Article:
Many leaders have created protocols for addressing virtual meeting requirements in order to improve meeting outcomes and hold participants accountable even across boundaries and time zones. Marilyn Markham, Product Strategist at American Express Global Business Travel, has worked in several multinational companies with teams across Europe, the United States and Asia. She has had to conduct remote meetings of varying complexity and duration throughout her career. She has found that while it is ideal to hold meetings with everyone in the same location, that is frequently not an option—especially with limited travel budgets. She comments, “When the meeting’s intent is to bring global participants together virtually for a working session, the first thing to do is reset timelines and engagement expectations. A 3-day in- person meeting may turn into 5 morning meetings to accommodate time zones. Leaders have to adjust and think through how best to accommodate everyone at the meeting and being sensitive to everyone’s needs.”
What Can Go Wrong with Virtual Meetings
As we think about creating the best virtual meeting experience it is useful to look at what gets in the way of virtual meeting success. Nick Morgan provides some important insights into things that get in the way of making virtual meetings work (Forbes, 2012):
Recall: People are much more likely to forget what is said during a virtual meeting. We get many cues from body language and even if we can see participants in a video format, it is not the same as experiencing them in person and seeing the subtleties of in-person exchange.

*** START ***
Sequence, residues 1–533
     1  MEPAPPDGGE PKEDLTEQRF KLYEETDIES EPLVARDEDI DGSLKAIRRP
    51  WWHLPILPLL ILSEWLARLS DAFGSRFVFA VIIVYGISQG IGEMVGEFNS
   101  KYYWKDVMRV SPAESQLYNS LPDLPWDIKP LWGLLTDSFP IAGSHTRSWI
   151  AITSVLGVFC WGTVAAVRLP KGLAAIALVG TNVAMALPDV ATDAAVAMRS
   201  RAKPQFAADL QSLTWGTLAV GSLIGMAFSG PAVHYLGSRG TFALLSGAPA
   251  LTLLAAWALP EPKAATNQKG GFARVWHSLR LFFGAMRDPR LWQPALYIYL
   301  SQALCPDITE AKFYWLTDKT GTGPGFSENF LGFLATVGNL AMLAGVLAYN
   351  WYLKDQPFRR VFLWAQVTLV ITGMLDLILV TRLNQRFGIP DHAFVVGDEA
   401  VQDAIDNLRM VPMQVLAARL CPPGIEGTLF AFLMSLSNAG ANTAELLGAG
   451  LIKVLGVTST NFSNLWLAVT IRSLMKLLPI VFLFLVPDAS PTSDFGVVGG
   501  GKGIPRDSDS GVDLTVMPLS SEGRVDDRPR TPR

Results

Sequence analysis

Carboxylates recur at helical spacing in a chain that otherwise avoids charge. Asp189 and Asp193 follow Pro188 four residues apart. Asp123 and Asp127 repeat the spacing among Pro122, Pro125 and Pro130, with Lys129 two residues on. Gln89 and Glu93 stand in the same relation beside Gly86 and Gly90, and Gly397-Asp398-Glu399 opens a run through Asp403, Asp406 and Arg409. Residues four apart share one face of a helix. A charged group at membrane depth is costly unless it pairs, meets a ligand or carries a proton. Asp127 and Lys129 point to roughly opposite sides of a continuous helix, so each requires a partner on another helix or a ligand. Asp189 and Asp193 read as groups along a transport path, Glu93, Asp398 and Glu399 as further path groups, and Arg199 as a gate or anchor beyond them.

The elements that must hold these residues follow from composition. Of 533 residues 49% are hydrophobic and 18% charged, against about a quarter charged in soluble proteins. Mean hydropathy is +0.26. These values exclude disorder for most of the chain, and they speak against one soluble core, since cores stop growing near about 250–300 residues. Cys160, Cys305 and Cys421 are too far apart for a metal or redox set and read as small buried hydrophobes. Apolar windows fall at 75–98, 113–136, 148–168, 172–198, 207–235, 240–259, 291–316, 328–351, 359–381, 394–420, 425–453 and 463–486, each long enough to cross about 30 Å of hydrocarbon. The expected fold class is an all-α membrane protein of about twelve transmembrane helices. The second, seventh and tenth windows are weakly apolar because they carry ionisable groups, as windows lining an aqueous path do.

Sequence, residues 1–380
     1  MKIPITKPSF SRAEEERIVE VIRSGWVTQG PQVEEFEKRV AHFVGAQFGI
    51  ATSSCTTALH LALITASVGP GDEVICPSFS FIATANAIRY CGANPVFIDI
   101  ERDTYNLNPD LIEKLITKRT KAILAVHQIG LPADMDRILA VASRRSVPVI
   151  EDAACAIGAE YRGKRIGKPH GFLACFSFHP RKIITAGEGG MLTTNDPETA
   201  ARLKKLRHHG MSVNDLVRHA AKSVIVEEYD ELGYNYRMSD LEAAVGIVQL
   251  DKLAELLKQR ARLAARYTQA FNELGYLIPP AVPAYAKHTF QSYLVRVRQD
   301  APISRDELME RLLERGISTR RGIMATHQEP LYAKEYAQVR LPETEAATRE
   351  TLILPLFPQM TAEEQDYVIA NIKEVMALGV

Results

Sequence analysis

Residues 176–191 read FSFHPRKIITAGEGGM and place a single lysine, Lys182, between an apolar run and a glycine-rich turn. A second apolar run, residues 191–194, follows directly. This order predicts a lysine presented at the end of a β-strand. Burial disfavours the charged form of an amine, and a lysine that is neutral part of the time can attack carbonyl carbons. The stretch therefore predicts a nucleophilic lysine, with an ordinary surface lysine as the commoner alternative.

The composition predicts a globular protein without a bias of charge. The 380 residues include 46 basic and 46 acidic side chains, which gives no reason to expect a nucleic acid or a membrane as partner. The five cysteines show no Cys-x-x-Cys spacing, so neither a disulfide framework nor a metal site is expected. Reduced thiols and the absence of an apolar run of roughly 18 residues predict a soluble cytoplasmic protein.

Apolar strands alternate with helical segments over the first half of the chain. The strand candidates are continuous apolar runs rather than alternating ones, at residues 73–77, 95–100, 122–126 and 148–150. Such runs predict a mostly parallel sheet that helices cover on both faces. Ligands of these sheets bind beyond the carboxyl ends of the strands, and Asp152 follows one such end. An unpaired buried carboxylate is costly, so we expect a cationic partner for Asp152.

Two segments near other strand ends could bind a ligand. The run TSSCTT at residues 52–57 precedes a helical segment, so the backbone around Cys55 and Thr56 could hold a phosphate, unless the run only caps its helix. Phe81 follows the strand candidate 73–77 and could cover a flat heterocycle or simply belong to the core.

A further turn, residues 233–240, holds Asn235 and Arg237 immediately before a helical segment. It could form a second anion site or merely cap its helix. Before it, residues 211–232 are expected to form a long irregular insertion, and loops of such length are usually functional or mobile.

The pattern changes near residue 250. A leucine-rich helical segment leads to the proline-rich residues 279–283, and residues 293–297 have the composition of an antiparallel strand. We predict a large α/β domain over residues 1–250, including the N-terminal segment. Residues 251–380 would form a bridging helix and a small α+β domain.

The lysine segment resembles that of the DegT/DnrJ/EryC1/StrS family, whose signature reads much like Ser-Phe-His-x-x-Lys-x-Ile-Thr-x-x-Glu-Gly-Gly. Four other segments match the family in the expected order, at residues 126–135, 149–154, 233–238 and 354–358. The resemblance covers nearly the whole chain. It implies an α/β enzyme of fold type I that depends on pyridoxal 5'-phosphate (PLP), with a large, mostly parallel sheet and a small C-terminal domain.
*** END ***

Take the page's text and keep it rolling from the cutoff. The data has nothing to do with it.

Attention Span: This is related to the first, people have much shorter attention spans in a virtual meeting. Most meetings are an hour long. After about ten minutes in a virtual setting people tend to lose interest.
Lack of Social Cues: There are not the social cues that one gets in an in-person meeting. Leaders and others attending cannot get a pulse of the “feeling in the room” and this can dampen the meeting experience.
Misunderstandings: Without the social cues, misunderstandings can develop often more likely in a virtual setting. We have all experienced our words in an email being misinterpreted. So can our responses, reactions or silence be misinterpreted in a virtual meeting.
Bonding: And, of course, the bonding that takes place in an in-person setting cannot be duplicated in the virtual experience.